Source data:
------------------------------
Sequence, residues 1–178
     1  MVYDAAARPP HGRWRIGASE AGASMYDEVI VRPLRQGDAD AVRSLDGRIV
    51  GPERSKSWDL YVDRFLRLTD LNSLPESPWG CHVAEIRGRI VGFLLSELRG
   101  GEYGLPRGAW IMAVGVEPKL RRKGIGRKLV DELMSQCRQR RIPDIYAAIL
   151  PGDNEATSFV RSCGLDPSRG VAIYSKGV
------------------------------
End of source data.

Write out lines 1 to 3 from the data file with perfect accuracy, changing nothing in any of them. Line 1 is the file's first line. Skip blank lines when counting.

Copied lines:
Sequence, residues 1–178
     1  MVYDAAARPP HGRWRIGASE AGASMYDEVI VRPLRQGDAD AVRSLDGRIV
    51  GPERSKSWDL YVDRFLRLTD LNSLPESPWG CHVAEIRGRI VGFLLSELRG